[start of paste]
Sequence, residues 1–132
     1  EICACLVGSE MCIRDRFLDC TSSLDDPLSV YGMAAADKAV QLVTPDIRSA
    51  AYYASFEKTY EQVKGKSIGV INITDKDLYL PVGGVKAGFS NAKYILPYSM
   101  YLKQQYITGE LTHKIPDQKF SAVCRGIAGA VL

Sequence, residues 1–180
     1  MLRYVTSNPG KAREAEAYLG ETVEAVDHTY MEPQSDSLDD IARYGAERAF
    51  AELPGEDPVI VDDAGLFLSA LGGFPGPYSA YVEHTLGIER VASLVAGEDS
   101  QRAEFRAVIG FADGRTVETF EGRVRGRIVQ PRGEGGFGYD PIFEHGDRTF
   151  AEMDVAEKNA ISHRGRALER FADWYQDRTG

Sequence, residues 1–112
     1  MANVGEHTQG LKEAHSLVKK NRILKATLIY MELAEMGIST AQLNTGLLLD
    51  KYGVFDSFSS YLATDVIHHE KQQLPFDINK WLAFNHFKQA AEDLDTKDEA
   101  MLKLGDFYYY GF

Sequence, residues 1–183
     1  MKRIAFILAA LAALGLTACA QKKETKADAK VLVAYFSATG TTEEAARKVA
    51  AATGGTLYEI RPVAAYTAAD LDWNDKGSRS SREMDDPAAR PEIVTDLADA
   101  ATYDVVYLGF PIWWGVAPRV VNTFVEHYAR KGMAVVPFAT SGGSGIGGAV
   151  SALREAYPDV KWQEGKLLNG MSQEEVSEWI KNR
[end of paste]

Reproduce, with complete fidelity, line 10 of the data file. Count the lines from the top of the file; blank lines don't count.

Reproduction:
Sequence, residues 1–112